Balogh is a model citizen for diversity
History professor's commitment evident on Grounds and at home
By Anne Bromley
He teaches 20th century American history, emphasizing the importance of the Civil Rights movement. He’s been a mentor for the Office of African-American Affairs’ program pairing faculty with minority students. He helped start the Emerging Scholars Program to encourage minority students to pursue academic careers in the humanities. He organized graduate students to take low-income city children to Little League baseball practice. He and his wife adopted three African-American children. And, with Valerie Gregory, assistant dean of admission, he served as co-chairman of the Student Life and Climate subcommittee for U.Va.’s Commission on Diversity and Equity.
Brian Balogh’s life is a well-drawn illustration of a white person who is passionate about and dedicated to the challenges and rewards of
His decision to join the diversity commission wasn’t just a moral one, said Balogh, associate professor of history. His incentive was the commission’s goal: to create a climate at U.Va. where diversity and differences are accepted.
Improving the climate “needs to be done if U.Va. is going to be a first-rate, outstanding university,” Balogh said. “The students are going to need to know how to negotiate diverse settings in life.”
Inspired by the commitment and resolve of Angela Davis and Michael Smith, who jointly headed the commission, Balogh believes their collective effort will produce the results that other task forces have not.
“It wasn’t that long ago this University was almost exclusively white male,” he said. “In the last 50 years we’ve made wrenching changes. To those who say it’s not going to happen, I say, ‘We’ve [changed] before; we can continue to do it.’ I maintain the conviction that the University is more strongly committed than ever before.”
When the commission presented its final report to the Board of Visitors last May, Balogh said he saw the president’s and the board’s determination to fund diversity initiatives in a timely fashion firsthand.
“It’s definitely not your grandfather’s BOV,” he said.
Several commission recommendations concern ways to recruit minority graduate students — the same effort Balogh worked on almost 10 years ago with Reginald Butler, director of U.Va.’s Carter G. Woodson Institute.
The Emerging Scholars Program, which Balogh and Butler developed, offers extra mentoring and funding to promising undergraduates interested in pursuing a Ph.D. in a number of disciplines in the arts and sciences. The goal is to increase the number of professors from under-represented groups.
In the classroom, Balogh demonstrates how the Civil Rights movement — which he considers the most important social movement in the United States — serves as the basis for understanding all the grassroots efforts citizens have made since then, from the anti-Vietnam War protests to the more recent mobilization of the religious right. History professors cannot teach 20th century American history without recognizing the overwhelming influence of race on this country’s history and covering the Civil Rights movement, said Balogh, who holds one of U.Va.’s three Distinguished Professorships funded by the National Endowment for the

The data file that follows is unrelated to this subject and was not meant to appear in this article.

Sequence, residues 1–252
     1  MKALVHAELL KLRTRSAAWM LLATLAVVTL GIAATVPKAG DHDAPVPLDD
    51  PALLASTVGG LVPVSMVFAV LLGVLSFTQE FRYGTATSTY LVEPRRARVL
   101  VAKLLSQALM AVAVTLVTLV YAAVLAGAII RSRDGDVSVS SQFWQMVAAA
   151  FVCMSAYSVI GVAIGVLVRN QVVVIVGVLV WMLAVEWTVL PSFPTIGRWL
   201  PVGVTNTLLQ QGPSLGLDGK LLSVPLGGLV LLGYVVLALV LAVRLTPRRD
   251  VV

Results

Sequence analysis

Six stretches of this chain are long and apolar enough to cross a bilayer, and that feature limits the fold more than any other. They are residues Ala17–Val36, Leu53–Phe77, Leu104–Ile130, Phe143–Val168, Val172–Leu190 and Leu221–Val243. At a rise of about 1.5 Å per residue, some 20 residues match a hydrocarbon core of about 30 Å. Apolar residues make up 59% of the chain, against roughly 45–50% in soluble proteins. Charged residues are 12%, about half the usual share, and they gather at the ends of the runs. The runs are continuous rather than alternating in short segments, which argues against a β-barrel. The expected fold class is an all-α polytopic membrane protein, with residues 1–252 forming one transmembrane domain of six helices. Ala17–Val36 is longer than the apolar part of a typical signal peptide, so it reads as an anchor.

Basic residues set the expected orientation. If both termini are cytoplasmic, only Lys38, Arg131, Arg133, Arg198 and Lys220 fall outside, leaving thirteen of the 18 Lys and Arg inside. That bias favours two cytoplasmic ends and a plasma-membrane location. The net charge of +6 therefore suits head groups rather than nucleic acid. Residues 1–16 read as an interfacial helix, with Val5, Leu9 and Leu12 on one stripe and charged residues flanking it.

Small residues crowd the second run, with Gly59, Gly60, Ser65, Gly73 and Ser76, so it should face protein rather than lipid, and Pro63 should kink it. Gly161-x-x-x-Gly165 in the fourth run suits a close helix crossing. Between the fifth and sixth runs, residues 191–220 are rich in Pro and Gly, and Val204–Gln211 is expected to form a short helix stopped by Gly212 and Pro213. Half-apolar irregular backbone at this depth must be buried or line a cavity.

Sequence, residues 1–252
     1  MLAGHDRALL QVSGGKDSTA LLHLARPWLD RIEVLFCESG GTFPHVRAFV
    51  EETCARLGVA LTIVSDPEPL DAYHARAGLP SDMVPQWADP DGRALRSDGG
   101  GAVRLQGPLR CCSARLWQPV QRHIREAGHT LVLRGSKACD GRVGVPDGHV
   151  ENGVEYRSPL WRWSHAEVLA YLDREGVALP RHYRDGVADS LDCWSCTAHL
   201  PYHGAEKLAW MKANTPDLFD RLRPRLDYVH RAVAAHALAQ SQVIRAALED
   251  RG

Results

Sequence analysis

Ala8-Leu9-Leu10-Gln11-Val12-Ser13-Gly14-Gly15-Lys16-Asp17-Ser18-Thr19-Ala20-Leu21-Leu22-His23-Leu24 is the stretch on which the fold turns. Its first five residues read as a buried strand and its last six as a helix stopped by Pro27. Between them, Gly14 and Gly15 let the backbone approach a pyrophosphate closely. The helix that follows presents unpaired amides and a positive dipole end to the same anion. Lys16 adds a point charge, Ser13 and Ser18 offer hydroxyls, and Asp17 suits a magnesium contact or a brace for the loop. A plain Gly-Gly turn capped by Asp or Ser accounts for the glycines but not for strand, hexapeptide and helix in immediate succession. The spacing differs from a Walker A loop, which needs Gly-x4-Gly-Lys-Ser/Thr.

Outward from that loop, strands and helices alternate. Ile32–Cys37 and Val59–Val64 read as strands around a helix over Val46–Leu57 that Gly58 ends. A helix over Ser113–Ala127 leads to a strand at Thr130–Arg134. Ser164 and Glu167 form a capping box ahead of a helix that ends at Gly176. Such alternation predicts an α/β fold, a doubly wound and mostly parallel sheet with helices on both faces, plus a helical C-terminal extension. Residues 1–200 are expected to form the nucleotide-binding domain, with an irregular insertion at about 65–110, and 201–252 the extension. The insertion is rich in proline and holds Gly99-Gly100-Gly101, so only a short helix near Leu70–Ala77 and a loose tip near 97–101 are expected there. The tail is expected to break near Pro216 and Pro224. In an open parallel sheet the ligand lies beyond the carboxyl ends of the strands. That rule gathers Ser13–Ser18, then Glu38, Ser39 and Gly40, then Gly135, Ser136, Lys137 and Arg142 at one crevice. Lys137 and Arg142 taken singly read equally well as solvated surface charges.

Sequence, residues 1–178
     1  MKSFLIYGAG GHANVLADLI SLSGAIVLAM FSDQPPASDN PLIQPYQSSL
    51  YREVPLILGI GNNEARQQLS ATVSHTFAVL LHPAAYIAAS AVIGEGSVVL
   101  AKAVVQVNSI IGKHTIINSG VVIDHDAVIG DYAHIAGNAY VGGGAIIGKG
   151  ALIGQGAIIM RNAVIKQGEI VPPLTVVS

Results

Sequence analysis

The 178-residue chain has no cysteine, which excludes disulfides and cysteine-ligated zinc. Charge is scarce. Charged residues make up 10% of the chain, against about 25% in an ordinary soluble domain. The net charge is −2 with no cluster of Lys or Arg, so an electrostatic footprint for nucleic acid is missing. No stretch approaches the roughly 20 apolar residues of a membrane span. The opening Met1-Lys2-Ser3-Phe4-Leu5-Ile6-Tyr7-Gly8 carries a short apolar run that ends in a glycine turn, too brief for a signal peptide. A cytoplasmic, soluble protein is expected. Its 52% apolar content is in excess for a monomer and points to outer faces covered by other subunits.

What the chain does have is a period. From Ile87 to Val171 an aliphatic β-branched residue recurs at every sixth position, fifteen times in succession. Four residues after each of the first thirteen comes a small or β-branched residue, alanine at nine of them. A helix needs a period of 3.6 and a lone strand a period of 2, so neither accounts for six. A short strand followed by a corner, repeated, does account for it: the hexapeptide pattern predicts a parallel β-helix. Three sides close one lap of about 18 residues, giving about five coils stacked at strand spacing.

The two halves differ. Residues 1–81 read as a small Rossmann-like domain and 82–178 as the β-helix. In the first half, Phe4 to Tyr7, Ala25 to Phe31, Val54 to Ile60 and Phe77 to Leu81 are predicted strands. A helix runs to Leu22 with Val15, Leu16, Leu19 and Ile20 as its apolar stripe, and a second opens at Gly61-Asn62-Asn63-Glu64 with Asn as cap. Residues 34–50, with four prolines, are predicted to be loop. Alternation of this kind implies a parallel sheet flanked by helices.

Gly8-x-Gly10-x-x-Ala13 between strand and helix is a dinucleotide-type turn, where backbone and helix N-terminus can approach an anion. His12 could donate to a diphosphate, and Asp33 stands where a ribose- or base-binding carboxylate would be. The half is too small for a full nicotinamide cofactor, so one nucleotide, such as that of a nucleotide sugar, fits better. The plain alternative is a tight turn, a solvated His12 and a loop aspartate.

Despite the progress that has been made in the United States, the racial divide remains one of the country’s most serious challenges, he said.
“My own experience with having a multiracial family has given me a different perspective,” Balogh said. “It has allowed me to observe firsthand the degree of racism that continues to exist and reinforced what I knew intellectually as a 20th century historian” of the United States.
Both Balogh and his wife are white; Balogh is Jewish and his wife is Protestant. They adopted three African-American children — two boys and a girl.
He and his wife have found various ways to expose their children to their mixed cultural heritage, but being good role models as parents and the family’s network of friends seem to have the most influence, Balogh said.
“We went out of our way to meet people with different backgrounds,” he said. “You can’t force friendships, but you can move out of your comfort zone to meet people.” Some lasting friendships have developed from those efforts, he said.
Another avenue for building relationships presented itself to Balogh about six years ago when his sons played baseball, and he noticed little
minority involvement in the city’s Little League organization. After looking into possible reasons, he found that many African-American youngsters needed equipment or transportation. He created a program called Practice Partners to provide fledgling ball players not only with baseball gloves and rides to practices and games, but also with graduate student mentors who teach their young friends both life skills and baseball skills.
Emphasizing those kinds of personal experiences, Balogh said the diversity subcommittee members spent a good deal of time discussing the idea for an undergraduate program called “Community Engagement.” The program, which the provost’s office is in the midst of developing, would coordinate the wide array of offerings U.Va. already has, plus add new ones, to give students the experiences in diversity that will not only better prepare them for their lives in the future, but also break down racial barriers in their lives today.